Papa, when he heard this, shook his head and did not know what to make of it. At last he said: “Shall we find another place to build our nest, as this is not safe?”
Mamma sparrow would not hear of it; she said that the nest was almost finished, and that maybe the house would not go away again. “We had better finish it,” said she.
Well, the next day they worked together, and finished the nest, sure enough; and in two days there was a little speckled egg among the soft cotton, upon which mamma sparrow sat. Every day for four days a new egg was added, and mamma sparrow sat on the little eggs day after day to keep them warm, and at length five little birds were hatched. The dear little things looked very bare, having no feathers. They opened their mouths very wide for food, calling their mother, saying, “Peep, peep.” The father sparrow would fly away in search of food for the little babies and mamma sparrow; and now it happened one day, while he was away looking for worms, the house again went off, and papa was left alone. It stayed away so long he thought it would never come back, but a last it did come back. As soon as it stopped, papa sparrow flew into the nest. The little babies all cried at once, “Oh, papa, what a splendid ride we had! How very fast we went—almost as fast as the white clouds in the sky! We wish we could take a ride like that every day; how nice that would be!” And sure enough, the next day the yellow house, on which their nest was, rode off again; and the next day, and the next, and every day after that. How the little birdies enjoy it! And sometimes papa sparrow would go also! How grand it was to sit still in the nest, and go away off as fast as could be, and come back again after a long ride! Papa and mamma sparrow said they would always build their nests on yellow houses after this, and they did, sure enough. What kind of house do you think it was? Guess and tell me. A passenger car.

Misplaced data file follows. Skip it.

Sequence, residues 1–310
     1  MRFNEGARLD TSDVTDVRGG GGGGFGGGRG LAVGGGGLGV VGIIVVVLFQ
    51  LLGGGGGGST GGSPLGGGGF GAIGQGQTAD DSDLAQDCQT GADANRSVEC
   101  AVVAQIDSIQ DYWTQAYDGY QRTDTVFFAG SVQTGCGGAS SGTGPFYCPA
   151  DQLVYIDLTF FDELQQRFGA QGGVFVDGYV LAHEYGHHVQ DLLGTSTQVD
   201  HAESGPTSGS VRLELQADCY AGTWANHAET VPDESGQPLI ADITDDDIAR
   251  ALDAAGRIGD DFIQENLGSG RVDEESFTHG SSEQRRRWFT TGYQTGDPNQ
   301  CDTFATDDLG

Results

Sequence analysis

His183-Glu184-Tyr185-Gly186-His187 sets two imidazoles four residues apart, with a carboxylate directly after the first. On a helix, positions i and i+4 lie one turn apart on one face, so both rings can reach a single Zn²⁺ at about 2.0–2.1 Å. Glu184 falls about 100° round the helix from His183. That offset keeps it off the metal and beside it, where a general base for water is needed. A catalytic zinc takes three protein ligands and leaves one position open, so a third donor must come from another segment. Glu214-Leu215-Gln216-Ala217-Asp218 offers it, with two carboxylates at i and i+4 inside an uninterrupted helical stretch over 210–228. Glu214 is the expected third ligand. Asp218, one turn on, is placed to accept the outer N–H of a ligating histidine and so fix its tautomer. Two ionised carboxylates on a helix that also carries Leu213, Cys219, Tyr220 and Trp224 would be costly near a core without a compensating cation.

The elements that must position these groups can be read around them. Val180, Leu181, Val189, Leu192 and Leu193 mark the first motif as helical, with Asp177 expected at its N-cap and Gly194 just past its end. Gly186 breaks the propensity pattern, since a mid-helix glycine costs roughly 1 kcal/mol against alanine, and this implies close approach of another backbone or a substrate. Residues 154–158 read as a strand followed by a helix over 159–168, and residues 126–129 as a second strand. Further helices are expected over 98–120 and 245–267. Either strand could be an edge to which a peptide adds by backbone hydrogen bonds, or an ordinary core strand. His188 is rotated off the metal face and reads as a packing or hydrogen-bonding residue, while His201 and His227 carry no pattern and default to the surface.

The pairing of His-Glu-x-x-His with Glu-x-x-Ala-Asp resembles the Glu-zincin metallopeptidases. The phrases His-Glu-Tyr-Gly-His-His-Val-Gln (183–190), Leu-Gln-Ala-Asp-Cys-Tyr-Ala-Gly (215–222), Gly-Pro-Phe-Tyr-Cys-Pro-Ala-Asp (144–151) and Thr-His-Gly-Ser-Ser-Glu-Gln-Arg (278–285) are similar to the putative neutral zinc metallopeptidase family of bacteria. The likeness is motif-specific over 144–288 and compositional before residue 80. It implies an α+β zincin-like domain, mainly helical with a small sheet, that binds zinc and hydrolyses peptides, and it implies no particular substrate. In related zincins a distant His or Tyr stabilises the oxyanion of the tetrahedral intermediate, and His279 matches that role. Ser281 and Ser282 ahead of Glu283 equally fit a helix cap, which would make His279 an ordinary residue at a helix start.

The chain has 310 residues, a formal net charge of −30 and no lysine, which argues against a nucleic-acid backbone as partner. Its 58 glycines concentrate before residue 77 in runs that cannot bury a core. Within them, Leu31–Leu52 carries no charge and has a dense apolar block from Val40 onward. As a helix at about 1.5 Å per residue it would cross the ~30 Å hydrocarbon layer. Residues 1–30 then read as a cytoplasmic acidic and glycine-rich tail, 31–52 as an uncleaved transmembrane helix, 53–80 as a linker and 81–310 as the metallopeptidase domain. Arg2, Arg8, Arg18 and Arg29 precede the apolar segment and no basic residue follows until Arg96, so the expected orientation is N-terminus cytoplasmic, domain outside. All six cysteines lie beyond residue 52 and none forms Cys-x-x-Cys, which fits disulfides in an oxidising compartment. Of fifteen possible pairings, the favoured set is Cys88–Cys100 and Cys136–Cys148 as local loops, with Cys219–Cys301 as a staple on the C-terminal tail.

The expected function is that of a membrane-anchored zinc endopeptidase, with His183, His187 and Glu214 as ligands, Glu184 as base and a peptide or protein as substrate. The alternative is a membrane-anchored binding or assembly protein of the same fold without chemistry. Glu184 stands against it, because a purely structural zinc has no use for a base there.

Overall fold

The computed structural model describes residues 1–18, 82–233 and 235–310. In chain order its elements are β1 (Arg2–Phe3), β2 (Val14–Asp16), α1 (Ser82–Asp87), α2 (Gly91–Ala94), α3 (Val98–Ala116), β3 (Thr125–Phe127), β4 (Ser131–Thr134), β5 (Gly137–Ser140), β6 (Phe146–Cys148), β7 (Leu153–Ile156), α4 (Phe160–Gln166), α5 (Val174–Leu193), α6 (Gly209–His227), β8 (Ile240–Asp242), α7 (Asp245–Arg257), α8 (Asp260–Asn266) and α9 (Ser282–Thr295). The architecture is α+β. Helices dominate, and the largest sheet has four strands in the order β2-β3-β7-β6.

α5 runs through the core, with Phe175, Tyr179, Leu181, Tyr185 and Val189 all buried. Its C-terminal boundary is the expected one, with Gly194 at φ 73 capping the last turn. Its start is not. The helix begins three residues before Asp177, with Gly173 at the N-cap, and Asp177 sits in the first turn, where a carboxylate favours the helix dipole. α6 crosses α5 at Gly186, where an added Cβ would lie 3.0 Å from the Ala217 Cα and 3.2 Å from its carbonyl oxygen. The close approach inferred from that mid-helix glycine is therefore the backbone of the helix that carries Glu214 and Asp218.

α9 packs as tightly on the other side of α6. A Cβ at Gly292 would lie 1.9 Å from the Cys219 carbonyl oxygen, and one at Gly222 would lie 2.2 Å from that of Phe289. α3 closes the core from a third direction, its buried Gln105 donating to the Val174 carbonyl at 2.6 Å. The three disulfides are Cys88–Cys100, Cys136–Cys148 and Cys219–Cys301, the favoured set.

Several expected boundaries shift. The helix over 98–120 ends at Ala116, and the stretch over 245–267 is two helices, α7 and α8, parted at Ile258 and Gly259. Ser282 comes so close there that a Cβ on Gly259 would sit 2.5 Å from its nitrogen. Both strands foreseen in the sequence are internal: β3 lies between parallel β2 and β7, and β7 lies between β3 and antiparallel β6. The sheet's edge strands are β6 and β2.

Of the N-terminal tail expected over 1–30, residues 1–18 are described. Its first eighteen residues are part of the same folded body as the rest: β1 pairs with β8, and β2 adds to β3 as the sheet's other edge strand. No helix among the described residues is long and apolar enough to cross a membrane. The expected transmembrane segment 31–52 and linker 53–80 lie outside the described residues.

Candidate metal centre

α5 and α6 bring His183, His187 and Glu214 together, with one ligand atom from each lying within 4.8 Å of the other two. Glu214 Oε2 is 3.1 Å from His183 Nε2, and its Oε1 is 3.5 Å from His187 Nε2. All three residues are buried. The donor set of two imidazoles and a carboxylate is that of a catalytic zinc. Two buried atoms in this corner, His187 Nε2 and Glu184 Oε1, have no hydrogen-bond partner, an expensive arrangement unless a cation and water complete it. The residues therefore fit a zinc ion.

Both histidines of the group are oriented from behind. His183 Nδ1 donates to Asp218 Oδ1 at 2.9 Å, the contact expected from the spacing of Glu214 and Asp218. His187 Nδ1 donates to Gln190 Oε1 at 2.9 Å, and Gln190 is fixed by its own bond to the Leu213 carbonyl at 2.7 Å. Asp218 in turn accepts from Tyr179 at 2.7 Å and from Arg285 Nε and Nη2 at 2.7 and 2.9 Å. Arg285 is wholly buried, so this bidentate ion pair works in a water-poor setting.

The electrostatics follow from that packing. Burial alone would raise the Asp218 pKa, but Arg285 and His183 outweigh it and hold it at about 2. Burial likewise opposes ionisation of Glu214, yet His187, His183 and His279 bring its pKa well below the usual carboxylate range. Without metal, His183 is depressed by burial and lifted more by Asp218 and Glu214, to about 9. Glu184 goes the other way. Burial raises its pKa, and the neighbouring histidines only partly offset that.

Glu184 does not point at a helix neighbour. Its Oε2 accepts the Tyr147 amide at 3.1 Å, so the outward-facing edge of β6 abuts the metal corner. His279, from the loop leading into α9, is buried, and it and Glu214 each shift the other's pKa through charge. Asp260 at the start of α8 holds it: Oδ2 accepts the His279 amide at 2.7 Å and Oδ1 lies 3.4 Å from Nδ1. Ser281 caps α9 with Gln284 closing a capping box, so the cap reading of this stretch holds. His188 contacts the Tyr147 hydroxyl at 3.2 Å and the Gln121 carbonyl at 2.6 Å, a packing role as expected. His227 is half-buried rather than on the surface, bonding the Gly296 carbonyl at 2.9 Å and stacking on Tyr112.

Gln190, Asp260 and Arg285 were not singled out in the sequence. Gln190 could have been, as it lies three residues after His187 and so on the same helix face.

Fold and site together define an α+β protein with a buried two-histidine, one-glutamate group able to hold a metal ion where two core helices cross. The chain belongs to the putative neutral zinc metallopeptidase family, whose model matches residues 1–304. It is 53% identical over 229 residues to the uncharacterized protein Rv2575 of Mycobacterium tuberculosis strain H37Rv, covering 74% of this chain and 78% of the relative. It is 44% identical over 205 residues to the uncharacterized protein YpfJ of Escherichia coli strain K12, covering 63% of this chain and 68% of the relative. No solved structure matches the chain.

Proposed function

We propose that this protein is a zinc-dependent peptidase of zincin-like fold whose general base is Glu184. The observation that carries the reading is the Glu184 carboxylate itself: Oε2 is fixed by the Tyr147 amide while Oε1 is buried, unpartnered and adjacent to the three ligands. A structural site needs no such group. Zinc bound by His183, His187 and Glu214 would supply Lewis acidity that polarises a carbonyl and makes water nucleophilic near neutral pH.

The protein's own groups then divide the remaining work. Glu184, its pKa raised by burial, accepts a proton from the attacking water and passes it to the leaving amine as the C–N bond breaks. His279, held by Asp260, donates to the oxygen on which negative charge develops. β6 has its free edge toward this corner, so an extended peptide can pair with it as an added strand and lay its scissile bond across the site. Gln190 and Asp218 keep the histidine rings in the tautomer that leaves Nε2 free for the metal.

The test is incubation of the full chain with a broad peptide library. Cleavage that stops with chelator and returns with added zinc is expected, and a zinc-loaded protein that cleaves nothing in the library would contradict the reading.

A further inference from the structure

|Once upon a time…|